The government should hire El Nino-stricken farmers in Tarlac to work on the 13.37-billion-peso while they cannot tend to their dry farms, senatorial re-electionist Kiko Pangilinan said.
“Habang naghihintay ang ating mga magsasaka ng paglipas ng El Nino para mabungkal na nila ang lupa, maiging magkaroon sila ng panandaliang trabaho sa pagpapatayo ng proyektong ito (While our farmers are waiting for El Nino to end so that they can start cultivating their land, it is best to hire them in temporary jobs for the construction of this project),” he said.
“Sa ganitong paraan, hindi sila natetengga, kumikita pa (In this way, they are busy and earning money),” said the former Presidential Assistant on Food Security and Agricultural Modernization.
The project seeks to irrigate 34,410 hectares of farmlands in Tarlac City and nine other Tarlac towns for 23,000 farmers. It has been stalled for 28 years due to the usual bureaucracy, and exacerbated by the Pinatubo eruption and changes in the administration.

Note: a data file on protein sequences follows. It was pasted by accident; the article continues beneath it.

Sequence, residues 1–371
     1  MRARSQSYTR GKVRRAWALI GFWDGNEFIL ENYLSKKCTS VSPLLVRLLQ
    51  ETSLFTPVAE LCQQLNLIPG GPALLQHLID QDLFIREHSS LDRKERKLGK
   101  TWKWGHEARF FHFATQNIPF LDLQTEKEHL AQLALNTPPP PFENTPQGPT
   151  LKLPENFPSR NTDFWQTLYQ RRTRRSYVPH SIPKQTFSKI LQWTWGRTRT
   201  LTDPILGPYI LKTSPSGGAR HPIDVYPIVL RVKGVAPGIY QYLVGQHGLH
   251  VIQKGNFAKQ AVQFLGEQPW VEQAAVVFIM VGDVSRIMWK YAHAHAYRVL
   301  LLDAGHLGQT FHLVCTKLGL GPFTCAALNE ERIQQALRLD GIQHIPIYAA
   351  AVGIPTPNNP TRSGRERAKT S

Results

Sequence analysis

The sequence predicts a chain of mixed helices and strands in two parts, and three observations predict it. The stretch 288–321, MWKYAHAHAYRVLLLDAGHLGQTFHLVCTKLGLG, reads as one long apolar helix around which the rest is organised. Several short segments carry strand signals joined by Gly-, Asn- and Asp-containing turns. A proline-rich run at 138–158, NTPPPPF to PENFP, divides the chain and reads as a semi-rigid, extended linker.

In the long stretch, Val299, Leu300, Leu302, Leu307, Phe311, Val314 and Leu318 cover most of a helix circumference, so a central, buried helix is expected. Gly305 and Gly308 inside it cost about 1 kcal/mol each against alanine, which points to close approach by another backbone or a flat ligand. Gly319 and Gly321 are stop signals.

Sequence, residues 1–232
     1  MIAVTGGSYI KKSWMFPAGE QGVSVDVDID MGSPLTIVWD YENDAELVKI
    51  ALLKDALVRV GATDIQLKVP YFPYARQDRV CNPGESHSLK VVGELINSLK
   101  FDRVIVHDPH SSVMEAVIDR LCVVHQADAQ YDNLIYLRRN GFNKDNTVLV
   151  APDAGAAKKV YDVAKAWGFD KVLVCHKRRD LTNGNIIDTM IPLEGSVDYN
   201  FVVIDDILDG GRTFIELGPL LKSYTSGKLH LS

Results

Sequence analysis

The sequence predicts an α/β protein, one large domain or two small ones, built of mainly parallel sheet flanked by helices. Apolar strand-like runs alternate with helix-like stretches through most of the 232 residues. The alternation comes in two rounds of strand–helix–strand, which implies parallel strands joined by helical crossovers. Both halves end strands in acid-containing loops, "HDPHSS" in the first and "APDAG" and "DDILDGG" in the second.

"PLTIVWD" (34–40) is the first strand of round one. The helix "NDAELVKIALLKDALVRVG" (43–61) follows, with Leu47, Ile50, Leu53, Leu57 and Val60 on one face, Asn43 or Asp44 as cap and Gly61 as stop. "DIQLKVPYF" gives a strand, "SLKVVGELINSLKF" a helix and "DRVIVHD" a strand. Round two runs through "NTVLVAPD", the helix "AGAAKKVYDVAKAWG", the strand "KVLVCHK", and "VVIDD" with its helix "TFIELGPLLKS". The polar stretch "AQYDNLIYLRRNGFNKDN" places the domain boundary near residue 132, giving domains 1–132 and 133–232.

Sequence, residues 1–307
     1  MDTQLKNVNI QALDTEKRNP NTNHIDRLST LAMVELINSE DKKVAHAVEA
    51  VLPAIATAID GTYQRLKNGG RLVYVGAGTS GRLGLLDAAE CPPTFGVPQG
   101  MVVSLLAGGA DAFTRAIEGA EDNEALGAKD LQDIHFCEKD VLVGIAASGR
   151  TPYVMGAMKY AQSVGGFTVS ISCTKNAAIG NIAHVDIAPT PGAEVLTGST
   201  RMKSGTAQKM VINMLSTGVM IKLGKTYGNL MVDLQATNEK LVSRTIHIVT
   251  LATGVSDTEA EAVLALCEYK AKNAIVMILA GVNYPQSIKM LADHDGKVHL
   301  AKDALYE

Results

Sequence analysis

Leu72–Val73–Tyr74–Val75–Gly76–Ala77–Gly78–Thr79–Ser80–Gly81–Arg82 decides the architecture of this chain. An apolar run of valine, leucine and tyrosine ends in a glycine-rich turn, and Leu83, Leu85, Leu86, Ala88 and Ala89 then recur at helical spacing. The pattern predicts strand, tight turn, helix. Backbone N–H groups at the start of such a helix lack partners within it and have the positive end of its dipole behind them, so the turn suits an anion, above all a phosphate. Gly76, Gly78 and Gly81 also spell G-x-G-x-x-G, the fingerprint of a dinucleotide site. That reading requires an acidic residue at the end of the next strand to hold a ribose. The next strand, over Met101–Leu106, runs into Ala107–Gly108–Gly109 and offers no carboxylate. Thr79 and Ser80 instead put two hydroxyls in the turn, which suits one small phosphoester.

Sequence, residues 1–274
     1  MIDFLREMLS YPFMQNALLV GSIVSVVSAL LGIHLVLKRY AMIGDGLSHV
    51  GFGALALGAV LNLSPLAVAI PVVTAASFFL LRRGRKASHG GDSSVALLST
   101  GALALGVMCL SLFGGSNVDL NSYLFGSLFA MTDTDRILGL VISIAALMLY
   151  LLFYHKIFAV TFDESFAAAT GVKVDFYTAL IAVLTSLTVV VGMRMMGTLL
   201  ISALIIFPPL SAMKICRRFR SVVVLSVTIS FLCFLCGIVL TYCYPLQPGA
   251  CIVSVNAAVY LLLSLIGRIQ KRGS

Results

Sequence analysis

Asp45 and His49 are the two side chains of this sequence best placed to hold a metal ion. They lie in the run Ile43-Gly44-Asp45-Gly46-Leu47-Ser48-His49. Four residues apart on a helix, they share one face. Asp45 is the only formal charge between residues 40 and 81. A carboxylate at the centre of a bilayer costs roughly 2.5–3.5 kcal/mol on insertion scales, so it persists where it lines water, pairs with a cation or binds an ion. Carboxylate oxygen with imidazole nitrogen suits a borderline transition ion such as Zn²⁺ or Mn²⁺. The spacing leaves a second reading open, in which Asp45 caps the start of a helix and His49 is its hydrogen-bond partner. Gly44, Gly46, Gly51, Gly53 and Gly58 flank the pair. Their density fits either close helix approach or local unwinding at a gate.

When he was Presidential Assistant on Food Security and Agricultural Modernization and had control and supervision over the National Irrigation Administration (NIA), the farmers in the area informed Pangilinan about the stalled project.
Pangilinan was able to untangle the project from bureaucratic shambles that kept it there since 1988, when the National Economic and Development Authority (NEDA) first gave its go-ahead to the project.
According to NIA, the first parts of the project, the construction of the P345-million 15-kilometer north main canal and the P75-million 20-kilometer San Miguel main canal, have been started. The two parts received its notice to proceed on March 23 and 22 respectively.
“The north main canal has a contract duration of 22 months, while the San Miguel main canal, 120 days. In both cases, NIA can hire our farmers for construction work. Let us provide them with a source of income while we wait for the rains,” Pangilinan said.
The Balog-Balog Multipurpose Project Phase II has a total contract duration of three years. It covers farmlands in the towns of of La Paz, Concepcion, San Jose, Capas, Victoria, Gerona, Pura, Ramos, and Paniqui, and Tarlac City.
It is expected to increase annual rice production in the covered area by almost threefold at 177.5 percent from 126,480 metric tons to 350,980 metric tons.
The project is one of the 402 irrigation projects turned over to farmers’ irrigation association in in July 2015.